It is not an incurable disease, and Scripture does not present it as such. It was a terrible disease and is used to teach us tremendous spiritual lessons about sin.
This chapter casts a ray of light and hope into the darkness of the leper’s plight. We note that no physician’s prescription is given for the treatment and cure of leprosy.
Rather, it shows the ceremonial cleansing which follows the cure. This alludes to the redemption of the sinner. The ritual is entirely symbolic, yet there is a therapeutic value in the washing and cleansing.
When a man sinned in the Garden of Eden, sin separated God and man. This barrier of sin moved in a twofold direction in that it affected both God and man. It moved upward toward God and made man guilty before a holy God.
It moved downward toward man, and man became polluted and contaminated with sin. Leprosy is a picture of sin in its pollution and contamination.
The remarkable feature in this chapter is the unique ceremony of cleansing and the treatment of a plague of leprosy in a house. The house is treated as a leper, obviously emphasizing the thought of contagion.
- Running issues of the man;
- running issues of the woman;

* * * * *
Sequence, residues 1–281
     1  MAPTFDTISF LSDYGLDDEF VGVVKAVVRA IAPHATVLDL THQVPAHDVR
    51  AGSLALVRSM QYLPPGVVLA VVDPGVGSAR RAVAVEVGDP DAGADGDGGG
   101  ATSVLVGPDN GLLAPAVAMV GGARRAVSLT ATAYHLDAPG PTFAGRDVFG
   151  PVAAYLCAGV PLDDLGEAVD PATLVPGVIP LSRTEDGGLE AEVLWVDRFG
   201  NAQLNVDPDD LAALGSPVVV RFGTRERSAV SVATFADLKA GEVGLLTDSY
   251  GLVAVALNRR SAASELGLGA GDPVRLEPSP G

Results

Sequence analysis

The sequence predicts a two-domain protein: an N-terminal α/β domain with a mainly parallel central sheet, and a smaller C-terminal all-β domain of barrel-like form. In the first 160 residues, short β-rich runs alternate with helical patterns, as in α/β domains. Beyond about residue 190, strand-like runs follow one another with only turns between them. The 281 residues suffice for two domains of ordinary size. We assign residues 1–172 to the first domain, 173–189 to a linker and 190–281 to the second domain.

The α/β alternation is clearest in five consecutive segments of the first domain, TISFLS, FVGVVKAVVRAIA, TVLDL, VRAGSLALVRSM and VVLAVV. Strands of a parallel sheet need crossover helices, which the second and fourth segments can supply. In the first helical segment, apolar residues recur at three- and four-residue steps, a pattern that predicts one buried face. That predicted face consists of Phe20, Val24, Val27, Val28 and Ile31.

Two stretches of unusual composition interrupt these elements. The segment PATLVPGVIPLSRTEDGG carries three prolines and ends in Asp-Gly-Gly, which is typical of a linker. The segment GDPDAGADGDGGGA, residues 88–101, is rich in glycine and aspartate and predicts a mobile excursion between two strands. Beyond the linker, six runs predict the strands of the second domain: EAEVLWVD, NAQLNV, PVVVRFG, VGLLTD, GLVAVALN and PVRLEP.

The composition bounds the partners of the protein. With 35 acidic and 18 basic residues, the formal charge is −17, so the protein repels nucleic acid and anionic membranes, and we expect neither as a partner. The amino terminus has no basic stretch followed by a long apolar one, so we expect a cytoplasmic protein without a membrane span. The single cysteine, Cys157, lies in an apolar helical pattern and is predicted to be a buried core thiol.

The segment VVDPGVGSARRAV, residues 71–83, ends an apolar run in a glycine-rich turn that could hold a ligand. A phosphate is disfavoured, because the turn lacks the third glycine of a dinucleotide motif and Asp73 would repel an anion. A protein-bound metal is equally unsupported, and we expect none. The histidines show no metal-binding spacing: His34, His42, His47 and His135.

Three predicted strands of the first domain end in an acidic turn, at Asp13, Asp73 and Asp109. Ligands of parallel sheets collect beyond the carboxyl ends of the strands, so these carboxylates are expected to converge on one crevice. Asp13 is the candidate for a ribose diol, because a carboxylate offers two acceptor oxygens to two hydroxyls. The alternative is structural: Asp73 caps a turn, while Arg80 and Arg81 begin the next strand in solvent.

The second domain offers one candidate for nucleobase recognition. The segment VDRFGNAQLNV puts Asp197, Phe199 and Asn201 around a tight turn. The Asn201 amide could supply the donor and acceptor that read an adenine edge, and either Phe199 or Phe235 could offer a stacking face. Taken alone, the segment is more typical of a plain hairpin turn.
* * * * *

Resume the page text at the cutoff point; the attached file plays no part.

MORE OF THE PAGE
- repulsiveness and regulations of running issues
This is the general principle: a bodily discharge produces a state of ritual impurity for both men and women. As we see in this chapter, some of these discharges are abnormal and caused by active infections or diseases.
When this is the case, healing is required.
But some discharges are actually normal. For example, a woman’s period is normal, but there are conditions that cause her to bleed at odd times or too much. Again, in such cases, healing is required.
The impurity referred to in these verses has to do with ceremonial and ritual practices such as making sacrifices, going to festivals, or receiving a revelation. Men, like women, have times when they become ritually impure.
For men it happens whenever they have an ejaculation. For women it happens whenever they have their period.
It’s important to note that these bodily functions are normal and natural, not sinful or evil. The ancients knew the power of such events for making them one with their wives and ultimately creating life.